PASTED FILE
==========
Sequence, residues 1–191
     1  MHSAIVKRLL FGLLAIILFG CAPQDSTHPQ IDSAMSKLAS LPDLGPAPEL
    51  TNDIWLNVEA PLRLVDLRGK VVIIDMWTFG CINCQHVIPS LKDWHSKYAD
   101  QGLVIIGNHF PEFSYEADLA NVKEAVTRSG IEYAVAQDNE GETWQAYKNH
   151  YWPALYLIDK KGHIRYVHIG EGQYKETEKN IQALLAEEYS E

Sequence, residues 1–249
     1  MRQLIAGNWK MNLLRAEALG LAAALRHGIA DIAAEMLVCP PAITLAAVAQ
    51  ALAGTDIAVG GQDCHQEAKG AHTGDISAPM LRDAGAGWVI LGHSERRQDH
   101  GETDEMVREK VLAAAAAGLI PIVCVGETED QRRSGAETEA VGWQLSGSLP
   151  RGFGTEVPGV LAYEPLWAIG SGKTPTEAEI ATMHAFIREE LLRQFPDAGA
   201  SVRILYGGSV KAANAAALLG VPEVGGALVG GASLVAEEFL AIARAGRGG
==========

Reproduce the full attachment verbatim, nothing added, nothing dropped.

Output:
Sequence, residues 1–191
     1  MHSAIVKRLL FGLLAIILFG CAPQDSTHPQ IDSAMSKLAS LPDLGPAPEL
    51  TNDIWLNVEA PLRLVDLRGK VVIIDMWTFG CINCQHVIPS LKDWHSKYAD
   101  QGLVIIGNHF PEFSYEADLA NVKEAVTRSG IEYAVAQDNE GETWQAYKNH
   151  YWPALYLIDK KGHIRYVHIG EGQYKETEKN IQALLAEEYS E

Sequence, residues 1–249
     1  MRQLIAGNWK MNLLRAEALG LAAALRHGIA DIAAEMLVCP PAITLAAVAQ
    51  ALAGTDIAVG GQDCHQEAKG AHTGDISAPM LRDAGAGWVI LGHSERRQDH
   101  GETDEMVREK VLAAAAAGLI PIVCVGETED QRRSGAETEA VGWQLSGSLP
   151  RGFGTEVPGV LAYEPLWAIG SGKTPTEAEI ATMHAFIREE LLRQFPDAGA
   201  SVRILYGGSV KAANAAALLG VPEVGGALVG GASLVAEEFL AIARAGRGG